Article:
This is not a comprehensive list of questions but might represent a good start. The point is that the more you reflect on your own aspirations and dispositions, the more likely you are to make good chooses about the kind of work you’ll land up doing.

#2 Learn about the variety of possible career options

Just about everything that you can think of will have an obvious or a tangential connection to public health. Lets start with the obvious.

The obvious areas that overlap with public health are government policy, healthcare service provision, health education, research and environmental health. But trust me, this list could go on and on and all of these are issues that are relevant at a local, national and global level.

The less obvious public health careers involve dealing with some of the background nuts-and-bolts of “getting stuff done”. So for example, you might be interested in improving the procurement and supply chain management of medicines and diagnostics in poor countries (which overlaps with business science). Or you might want to work on improved water and sanitation in rural Africa (which overlaps with civil engineering). The point is that if you already of another professional skill-et, it is likely that somewhere in the world of public health, you’ll be able to find a place to make yourself useful. Just keep your eyes open.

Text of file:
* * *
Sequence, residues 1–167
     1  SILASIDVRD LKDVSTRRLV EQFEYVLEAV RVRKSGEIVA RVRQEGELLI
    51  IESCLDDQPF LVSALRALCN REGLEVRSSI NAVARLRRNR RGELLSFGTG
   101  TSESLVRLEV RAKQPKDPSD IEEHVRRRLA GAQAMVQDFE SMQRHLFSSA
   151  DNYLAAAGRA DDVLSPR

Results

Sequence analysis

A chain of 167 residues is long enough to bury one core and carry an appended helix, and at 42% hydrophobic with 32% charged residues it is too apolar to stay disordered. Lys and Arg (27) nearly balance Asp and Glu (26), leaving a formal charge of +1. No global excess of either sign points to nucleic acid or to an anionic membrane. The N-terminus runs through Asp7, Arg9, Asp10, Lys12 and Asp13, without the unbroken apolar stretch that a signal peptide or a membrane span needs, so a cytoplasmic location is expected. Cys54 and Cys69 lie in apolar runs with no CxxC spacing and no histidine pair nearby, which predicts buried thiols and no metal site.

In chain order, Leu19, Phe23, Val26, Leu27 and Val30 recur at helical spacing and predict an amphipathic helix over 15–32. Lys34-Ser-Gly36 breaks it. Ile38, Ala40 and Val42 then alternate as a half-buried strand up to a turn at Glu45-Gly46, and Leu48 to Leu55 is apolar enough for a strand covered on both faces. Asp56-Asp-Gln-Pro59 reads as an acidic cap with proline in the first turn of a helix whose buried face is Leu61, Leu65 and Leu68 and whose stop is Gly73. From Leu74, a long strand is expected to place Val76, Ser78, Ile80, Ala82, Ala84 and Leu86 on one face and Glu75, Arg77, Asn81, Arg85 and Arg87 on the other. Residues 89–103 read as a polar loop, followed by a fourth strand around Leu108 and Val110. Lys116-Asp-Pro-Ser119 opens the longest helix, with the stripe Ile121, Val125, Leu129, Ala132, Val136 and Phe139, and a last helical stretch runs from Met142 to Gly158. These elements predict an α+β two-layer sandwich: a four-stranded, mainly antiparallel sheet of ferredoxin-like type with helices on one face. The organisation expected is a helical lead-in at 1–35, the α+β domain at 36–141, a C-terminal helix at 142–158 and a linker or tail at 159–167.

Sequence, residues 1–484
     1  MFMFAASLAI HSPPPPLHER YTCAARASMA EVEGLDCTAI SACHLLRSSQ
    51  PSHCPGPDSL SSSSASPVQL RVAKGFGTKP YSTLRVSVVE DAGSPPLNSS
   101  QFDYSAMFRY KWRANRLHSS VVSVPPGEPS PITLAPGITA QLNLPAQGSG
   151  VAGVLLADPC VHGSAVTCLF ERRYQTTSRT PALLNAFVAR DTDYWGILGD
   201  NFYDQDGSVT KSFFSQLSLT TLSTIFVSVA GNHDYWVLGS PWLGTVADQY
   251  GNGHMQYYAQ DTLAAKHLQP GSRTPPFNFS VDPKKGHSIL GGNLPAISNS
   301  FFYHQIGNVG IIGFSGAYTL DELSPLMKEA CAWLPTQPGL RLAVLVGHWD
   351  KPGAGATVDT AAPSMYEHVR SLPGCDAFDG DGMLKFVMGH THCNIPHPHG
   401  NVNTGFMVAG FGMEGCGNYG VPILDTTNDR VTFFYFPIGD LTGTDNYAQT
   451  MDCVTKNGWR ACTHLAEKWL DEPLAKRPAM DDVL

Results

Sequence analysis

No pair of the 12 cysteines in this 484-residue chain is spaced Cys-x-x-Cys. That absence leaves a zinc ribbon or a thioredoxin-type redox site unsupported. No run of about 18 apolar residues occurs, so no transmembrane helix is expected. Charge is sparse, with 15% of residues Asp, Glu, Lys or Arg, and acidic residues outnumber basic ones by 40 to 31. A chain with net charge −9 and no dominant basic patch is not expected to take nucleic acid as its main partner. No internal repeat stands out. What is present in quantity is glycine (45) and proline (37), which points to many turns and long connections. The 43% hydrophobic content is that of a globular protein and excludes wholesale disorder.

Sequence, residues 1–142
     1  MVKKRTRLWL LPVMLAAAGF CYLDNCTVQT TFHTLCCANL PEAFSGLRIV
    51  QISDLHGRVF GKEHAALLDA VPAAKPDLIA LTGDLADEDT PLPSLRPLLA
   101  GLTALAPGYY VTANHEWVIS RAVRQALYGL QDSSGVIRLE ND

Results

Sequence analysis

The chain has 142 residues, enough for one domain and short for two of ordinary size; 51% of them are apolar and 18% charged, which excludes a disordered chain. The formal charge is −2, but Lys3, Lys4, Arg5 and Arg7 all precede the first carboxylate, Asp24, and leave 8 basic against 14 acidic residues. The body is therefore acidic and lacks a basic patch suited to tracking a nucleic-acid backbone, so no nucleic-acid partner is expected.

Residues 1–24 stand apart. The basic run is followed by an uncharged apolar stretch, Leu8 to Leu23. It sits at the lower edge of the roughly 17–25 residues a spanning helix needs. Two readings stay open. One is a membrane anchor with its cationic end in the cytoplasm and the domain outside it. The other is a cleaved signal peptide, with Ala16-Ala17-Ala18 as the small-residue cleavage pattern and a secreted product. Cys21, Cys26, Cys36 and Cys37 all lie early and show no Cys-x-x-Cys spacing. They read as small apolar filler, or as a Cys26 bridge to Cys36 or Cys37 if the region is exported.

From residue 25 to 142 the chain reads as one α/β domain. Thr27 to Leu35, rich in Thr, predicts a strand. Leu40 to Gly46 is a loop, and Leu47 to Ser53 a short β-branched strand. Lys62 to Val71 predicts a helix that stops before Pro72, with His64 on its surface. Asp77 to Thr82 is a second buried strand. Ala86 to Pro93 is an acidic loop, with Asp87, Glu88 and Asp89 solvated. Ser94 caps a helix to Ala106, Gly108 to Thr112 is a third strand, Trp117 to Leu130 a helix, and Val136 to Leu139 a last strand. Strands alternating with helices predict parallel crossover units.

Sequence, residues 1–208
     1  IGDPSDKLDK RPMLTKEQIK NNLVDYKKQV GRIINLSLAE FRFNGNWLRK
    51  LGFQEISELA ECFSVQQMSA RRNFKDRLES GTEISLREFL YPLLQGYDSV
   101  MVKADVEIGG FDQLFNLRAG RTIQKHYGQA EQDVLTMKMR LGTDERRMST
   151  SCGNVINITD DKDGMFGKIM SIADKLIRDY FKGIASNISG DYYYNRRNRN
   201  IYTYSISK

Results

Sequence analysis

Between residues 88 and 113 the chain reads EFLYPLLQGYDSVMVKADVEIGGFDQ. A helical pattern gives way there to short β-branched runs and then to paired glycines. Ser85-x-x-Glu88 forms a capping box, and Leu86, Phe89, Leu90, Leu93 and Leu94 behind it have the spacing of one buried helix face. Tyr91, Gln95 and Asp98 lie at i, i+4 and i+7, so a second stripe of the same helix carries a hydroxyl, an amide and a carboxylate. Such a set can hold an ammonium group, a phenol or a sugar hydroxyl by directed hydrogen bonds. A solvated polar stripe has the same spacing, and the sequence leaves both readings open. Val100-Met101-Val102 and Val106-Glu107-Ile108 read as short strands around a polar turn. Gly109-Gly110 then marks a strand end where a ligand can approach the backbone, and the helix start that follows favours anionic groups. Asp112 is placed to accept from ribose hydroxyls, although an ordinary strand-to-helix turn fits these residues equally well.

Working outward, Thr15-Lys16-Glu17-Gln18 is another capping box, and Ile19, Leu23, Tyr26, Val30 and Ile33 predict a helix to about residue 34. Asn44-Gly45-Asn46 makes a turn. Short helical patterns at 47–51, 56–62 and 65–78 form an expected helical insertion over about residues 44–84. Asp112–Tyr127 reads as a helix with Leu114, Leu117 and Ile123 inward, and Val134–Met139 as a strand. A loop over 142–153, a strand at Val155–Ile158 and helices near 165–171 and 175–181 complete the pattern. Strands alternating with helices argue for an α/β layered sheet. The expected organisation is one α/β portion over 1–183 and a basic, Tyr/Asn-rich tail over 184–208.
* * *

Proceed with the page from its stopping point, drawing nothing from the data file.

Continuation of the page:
You also need to decide if you’re going to focus on a particular issue or if you’re going to focus on a particular skill-set that is transferable across multiple issues. Let me explain. It might be the case that you’re very interested in a disease, lets say HIV. You could focus on becoming an expert on HIV and sell yourself to employers with the depth of your technical knowledge about the disease. The alternative is that you focus on a particular skill-set, like quantitative analysis or project management and make yourself available across a range of issues.